Caste of Mariners
Here are relevant references from the Books where the Caste of Mariners is mentioned.
I make no pronouncements on these matters, but report them as I find them.
Arrive at your own conclusions.
I wish you well,
But, too, should not each caste concern itself with its own business, the metal worker with metals, the peasant with the soil, the mariner with the sea, and so on?
Swordsmen of Gor Book 29 Page 2
The stranger was a large, spare man, with roughened hands, perhaps hardened from the oar, or from hauling on lines. He was clad in little more than rags. He did have a dirty mariner's cap. I did not think it unlikely he had indeed ventured upon Thassa.
Mariners of Gor Book 30 Page 3
With the back of her right hand she rubbed her eyes, removing a residue of sleep. Clearly she was uneasy, and did not understand the meaning of her summons, this late, the tavern muchly empty, the group gathered about the small table, the stranger, in rags and mariner's cap, before whom she knelt. Mariners of Gor Book 30 Page 6
There, on the stem castle, behind its aft rail, a small figure, bent and twisted, stood, in cloak and mariner's cap, looking to windward, to the north. Mariners of Gor Book 30 Page 112
As I suppose I have made clear, I am not by caste of the Mariners. It is one thing to draw an oar, and do one thing or another about a ship, even to be of its fighting complement, and quite another to read the weather, and water, and the stars, to plot courses, to keep a steady helm in a hard sea, to manage lines and rigging, and such.
Mariners of Gor Book 30 Pages 189 - 190
Thassa, subtle and minacious, welcoming and threatening, benignant and perilous, restless, sparkling, and dangerous, green, vast, intriguing, beckoning Thassa. It is easy to see how she calls to men, she is so alluring and beautiful, and it is easy, as well, to see how, with her might and whims, her moods and power, she may inspire fear in the stoutest of hearts. Be warned, for the wine of Thassa is a heady wine. She may send you gentle winds and shelter you in her great arms, bearing you up, or should she please, break you and draw you down, destroying you, to mysterious, unsounded deeps. In her cups you may find many things, the unalienable riches of moonlight on water, her whispering in long nights, against the hull, her unforgettable glory in the morning, the brightness of her noontide, the transformations of her sunset and dusk, her access to far shores, the sublime darkness of her anger, the lashing and howling of her winds, the force and authority of her waves, like pitching mountains. She is the love of the Caste of Mariners. She is a heady wine. Her name is Thassa.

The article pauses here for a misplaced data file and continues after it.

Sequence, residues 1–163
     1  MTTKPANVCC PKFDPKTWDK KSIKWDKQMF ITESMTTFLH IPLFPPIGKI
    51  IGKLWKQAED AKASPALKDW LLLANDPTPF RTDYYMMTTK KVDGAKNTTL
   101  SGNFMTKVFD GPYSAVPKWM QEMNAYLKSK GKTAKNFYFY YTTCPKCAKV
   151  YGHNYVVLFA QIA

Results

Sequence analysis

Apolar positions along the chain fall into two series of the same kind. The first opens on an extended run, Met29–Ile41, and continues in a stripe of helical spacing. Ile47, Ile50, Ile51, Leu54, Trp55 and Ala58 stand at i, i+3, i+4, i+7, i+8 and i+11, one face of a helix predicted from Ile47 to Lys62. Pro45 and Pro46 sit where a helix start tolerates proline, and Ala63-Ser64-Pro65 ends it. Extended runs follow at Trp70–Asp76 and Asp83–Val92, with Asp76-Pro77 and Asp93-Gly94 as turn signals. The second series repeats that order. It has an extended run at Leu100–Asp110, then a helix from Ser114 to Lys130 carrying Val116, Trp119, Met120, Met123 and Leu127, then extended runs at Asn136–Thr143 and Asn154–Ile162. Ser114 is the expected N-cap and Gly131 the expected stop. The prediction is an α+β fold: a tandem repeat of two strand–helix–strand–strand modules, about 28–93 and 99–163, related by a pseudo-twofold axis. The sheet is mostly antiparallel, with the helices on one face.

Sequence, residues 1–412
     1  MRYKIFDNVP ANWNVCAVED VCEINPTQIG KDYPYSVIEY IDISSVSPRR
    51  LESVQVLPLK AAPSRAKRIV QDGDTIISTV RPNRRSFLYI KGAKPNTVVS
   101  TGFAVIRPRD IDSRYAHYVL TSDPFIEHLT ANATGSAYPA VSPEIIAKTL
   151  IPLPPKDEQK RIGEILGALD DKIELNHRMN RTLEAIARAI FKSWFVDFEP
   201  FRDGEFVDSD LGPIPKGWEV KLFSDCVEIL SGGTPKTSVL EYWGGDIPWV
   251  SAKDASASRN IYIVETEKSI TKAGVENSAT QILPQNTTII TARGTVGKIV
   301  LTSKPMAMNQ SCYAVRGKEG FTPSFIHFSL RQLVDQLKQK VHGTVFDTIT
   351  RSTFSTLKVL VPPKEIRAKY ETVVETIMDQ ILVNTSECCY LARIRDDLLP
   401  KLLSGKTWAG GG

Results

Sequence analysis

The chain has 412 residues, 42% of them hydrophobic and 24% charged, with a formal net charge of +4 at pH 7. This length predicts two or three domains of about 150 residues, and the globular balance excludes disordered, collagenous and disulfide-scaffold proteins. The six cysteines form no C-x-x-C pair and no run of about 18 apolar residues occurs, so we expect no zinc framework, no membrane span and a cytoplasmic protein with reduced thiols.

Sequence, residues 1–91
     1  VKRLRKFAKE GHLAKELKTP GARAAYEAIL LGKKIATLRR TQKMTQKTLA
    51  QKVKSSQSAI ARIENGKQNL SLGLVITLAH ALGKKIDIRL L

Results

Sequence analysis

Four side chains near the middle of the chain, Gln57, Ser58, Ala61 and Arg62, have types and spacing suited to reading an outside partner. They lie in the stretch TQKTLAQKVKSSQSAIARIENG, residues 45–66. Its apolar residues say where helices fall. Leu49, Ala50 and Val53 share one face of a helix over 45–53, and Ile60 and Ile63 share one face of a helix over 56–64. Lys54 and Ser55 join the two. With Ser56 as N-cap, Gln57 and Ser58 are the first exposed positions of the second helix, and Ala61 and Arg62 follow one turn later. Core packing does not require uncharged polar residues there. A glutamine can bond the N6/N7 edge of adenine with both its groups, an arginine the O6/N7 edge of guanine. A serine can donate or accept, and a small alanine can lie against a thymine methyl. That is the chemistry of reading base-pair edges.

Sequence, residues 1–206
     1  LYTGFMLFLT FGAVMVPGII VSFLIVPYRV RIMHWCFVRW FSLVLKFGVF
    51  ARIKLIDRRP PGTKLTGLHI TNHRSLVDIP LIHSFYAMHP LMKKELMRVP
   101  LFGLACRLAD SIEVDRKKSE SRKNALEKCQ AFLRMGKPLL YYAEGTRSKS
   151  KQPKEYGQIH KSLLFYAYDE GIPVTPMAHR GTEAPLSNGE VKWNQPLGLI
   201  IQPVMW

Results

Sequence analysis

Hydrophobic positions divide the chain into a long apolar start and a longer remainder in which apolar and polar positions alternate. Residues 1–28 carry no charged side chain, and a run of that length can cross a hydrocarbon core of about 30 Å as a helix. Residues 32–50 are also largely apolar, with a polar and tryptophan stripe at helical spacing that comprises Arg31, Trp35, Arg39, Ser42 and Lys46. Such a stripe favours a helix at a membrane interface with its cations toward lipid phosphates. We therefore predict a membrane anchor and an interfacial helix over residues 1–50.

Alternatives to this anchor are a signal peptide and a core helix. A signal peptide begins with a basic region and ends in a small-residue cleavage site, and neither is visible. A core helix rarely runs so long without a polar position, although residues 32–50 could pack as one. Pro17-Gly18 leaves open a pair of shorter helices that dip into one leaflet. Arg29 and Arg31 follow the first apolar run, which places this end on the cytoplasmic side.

Mariners of Gor Book 30 Page 191
The Sea Sleen is a small tavern, not particularly well-known, even in Brundisium. Those near the southern piers, however, are likely to be aware of it. It was to this tavern the stranger, haggard, destitute, in his rags, in his soiled mariner's cap, had come, and regaled us with a story, however far-fetched.
Mariners of Gor Book 30 Page 463
Coasters and long ships will commonly beach at night, the crew cooking and sleeping ashore. Indeed, most Gorean mariners, when practical, like to keep in sight of land. The moods of Thassa are capricious, and the might of her winds and waves prodigious.
Smugglers of Gor Book 32 Page 81
A mariner stood at the bow amidships, and stern, each with his harbor pole. Four mariners stood ready to hoist the small yard, with the now-folded sail. Oars were still inboard. The two helmsmen were at their posts.
Smugglers of Gor Book 32 Page 85
Except on a round ship and even on many of those, mariners do not welcome the presence of a free woman. Such, it is said, sow discord. Such are to be respected, but, in time, men grow hungry. It is a strain, even on a well-trained sleen, to circle meat it is forbidden to touch. The matter worsens, of course, if the free woman insists on the privileges of the deck, or, say, if she is careless of how she stands when the wind whips her robes, and matters may become intolerable indeed should she delight herself with certain pleasures not unknown to occasionally appertain to her sex, usually harmlessly, flirting with, or teasing, taunting, and tormenting men, confident in the inviolability of her freedom, perhaps in the possession of a shared Home Stone, and such. It is one thing, of course, to engage in such games in a theater, a street or plaza, and quite another on a ship at sea, far from taverns, the relief of paga girls, and such. More than one woman began a voyage free and concluded it being sold in a distant port. Sometimes a round ship will carry slaves for the men, ship slaves. These are at the pleasure of the crew. The long ships, of course, the armed war knives of the sea, seldom depart with slaves aboard, though they may return with them.